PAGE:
A: The most important ingredient to a strong culture is people, so we take a very long time to recruit the right people and we interview them based on our core values. Then, we spend four weeks training them so that they have the right mindset, connections and tools to succeed and grow our culture. Lastly, we encourage people to express themselves so they can bring all of their talents to the office. If you get the right people, empower them and set them free, we find that people take responsibility for growing the culture.
Q: Can you give an example of a company and/or companies whose brand culture you admire? If so, what is it that you admire most?
A: I admire companies that are not afraid to commit to their core values and also share what they’ve learned with others. I believe companies that share their culture learn the fastest - examples include IDEO, 37 Signals, and Ritz Carlton.
Please feel free to send us comments or questions, and we will make sure that we include them in the discussions during the Liquid Brand Summit. We look forward to hearing from you.
There are brand advocates . . . and then there are super hero brand advocates. TOMS Shoes, a company that started just four short years ago, knows how to attract super hero brand advocates - they’ve been able to very quickly build a community that includes millions of followers worldwide. How did they do it? With a unique offering that positioned TOMS outside the reach of other shoe companies and a very compelling brand story.
That story started in 2006 when TOMS founder Blake Mycoskie traveled to Argentina and found that an astounding number of children didn’t have shoes to protect their feet. He then created TOMS, with the promise of matching every pair of shoes purchased with a pair of new shoes given to a child in need. They coined the phrase “One for One,” to describe their business model and began calling it a movement, and they’ve been using it ever since to help strengthen their brand and excite customers into becoming “super” brand advocates.
Their simple message resonated with the fashionably trendy, yet socially-conscious Gen Y and Gen X set - but its not just messaging that sells their shoes. Among those who love TOMS, they are considered as essentially hip, stylish and “must hav” as an iPhone. That’s because TOMS very smartly used their brand story to help build an internal and external brand culture that attracts fresh, hipster-type creative talent to the company, talent that has helped TOMS stay “in the know” with their customer base and ahead of the design curve.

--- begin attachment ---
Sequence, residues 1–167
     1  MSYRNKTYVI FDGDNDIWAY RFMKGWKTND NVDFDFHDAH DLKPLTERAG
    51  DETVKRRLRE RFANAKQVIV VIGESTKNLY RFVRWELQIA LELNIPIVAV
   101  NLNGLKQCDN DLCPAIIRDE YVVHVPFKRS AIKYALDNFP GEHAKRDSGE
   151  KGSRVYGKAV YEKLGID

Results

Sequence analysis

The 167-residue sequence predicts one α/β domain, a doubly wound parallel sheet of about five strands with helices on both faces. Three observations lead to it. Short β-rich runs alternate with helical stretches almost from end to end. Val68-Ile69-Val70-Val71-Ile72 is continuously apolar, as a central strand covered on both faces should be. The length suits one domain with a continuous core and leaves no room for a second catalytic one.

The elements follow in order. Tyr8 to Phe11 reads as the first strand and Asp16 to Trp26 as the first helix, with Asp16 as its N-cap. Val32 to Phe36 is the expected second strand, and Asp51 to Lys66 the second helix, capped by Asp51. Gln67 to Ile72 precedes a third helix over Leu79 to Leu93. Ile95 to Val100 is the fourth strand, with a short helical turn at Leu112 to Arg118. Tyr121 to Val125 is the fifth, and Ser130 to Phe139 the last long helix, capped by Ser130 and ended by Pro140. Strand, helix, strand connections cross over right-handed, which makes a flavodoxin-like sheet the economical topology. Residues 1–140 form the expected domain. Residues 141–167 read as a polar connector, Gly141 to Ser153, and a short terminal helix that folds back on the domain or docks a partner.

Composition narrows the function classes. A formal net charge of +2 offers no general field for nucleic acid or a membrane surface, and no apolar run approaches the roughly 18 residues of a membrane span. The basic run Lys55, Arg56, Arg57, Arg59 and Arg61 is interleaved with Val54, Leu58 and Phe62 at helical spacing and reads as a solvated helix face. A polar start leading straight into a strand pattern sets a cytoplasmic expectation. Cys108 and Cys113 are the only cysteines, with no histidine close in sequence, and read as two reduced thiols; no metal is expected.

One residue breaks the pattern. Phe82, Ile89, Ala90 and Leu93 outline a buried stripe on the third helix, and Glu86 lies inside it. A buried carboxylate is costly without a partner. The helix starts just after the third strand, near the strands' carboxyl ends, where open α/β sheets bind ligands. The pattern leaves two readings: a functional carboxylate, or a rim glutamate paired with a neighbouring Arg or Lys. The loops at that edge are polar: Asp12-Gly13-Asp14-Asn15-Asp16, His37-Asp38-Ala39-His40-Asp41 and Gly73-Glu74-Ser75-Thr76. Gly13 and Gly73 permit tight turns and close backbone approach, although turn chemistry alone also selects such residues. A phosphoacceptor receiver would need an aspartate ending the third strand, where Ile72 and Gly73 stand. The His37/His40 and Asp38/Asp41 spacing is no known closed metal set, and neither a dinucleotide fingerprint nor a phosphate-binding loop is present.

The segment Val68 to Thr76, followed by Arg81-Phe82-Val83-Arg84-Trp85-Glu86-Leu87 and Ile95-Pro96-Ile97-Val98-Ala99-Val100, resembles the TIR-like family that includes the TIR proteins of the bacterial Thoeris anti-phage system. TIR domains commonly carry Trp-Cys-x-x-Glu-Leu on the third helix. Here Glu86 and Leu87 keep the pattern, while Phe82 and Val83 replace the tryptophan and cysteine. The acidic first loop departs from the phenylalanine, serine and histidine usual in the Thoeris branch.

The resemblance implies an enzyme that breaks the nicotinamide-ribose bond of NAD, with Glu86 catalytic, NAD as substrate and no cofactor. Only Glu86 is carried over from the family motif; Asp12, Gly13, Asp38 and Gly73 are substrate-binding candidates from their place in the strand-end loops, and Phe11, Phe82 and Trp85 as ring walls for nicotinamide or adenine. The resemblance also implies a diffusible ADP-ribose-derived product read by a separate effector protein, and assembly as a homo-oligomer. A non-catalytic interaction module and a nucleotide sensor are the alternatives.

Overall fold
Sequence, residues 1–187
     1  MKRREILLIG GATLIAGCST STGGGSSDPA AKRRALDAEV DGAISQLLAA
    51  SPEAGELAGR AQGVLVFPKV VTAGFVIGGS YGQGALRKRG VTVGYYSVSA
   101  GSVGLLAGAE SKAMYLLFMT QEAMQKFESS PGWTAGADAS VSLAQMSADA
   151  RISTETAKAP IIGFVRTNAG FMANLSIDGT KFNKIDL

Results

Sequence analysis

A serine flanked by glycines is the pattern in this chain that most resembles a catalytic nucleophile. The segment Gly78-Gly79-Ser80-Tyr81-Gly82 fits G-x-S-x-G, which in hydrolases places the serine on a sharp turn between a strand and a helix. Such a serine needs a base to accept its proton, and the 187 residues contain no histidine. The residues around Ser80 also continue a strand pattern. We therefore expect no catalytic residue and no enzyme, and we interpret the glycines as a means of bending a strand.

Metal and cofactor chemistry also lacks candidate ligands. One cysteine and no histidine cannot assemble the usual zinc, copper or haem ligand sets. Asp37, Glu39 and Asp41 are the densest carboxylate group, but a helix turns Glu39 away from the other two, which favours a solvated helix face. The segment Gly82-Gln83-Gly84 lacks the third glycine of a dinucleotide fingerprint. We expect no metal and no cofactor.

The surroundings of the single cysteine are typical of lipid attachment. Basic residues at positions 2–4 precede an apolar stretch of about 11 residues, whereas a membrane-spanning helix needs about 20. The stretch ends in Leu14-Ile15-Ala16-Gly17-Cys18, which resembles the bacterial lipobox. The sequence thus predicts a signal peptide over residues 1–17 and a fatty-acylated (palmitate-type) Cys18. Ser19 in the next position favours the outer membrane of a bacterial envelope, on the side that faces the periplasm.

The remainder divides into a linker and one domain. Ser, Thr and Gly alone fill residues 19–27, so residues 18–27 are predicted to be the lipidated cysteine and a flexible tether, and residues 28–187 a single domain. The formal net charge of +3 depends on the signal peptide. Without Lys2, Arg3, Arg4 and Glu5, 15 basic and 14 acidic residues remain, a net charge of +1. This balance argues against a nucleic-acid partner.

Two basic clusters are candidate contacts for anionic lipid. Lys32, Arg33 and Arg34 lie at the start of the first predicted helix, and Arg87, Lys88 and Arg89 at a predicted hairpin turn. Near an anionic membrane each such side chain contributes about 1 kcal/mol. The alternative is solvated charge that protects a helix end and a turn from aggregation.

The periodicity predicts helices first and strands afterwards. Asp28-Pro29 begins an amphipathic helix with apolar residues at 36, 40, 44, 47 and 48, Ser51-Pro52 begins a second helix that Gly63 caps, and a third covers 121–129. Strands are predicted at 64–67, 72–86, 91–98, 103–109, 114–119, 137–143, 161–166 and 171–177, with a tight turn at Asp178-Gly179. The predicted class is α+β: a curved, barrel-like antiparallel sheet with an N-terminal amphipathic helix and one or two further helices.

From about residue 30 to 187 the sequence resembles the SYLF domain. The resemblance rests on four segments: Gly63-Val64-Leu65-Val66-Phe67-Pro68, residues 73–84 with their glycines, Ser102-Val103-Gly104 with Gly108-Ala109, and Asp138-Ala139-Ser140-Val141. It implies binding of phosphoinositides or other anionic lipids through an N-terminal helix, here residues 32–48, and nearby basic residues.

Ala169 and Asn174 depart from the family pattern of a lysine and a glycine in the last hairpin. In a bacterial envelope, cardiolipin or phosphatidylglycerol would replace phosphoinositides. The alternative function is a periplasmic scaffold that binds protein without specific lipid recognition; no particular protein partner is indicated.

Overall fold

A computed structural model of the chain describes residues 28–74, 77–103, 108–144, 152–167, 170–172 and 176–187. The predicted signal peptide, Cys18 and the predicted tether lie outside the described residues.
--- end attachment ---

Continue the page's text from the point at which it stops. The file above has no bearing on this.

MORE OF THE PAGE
Today, TOMS is selling not just hundreds-of-thousands, but millions of shoes around the world, with retail locations in Asia, Europe, the Americas and Australia. Celebrities like Demi Moore and Jay Leno and high profile brands like Nordstrom, AT&T and Element Skateboards have bought into the TOMS “One for One” movement.
The company has definitely found its “onliness,” that unique space of differentiation that separates it from others in the market. And, its been wildly successful in leveraging that uniqueness to build and strengthen their brand community, which is made up of brand advocates who are near religious in their loyalty to TOMS and willingness to go out and evangelize its mission.
From college campus clubs to”Style Your Sole” shoes parties to a global “One Day Without Shoes” event, TOMS is using its status as a company that does good to expand its “movement” worldwide. And it’s working. Go to the TOMS Facebook page, and you’ll find more than 700,000 followers. Their Twitter page has nearly 600,00. And the TOMS YouTube channel? Well, it has had nearly 2 million upload views.
TOMS has also been brilliant in using documentary filmmaking to share their brand story with customers. The power of the images they capture and the story that supports them, paired with the power of social media to push them viral, has been instrumental in spreading their message.
When it comes to building customer communities that are practically cults, TOMS has found their magic formula. But can they sustain their momentum? The fashion industry is notorious for throwing today’s “must haves” out with tomorrow’s trends. Is TOMS brand story strong enough and its community loyal enough to carry it through being the current trend of the moment? Perhaps, that depends on how the company evolves as the market changes. Will TOMS be able to remain relevant in the long run? What are your thoughts?
Also, if brand advocacy is something you’re challenged with or are interested in, then join us for the Liquid Brand Summit on March 1 to discuss this and other issues associated with “transformation” and how brands and brand marketers stay relevant and competitive.]]>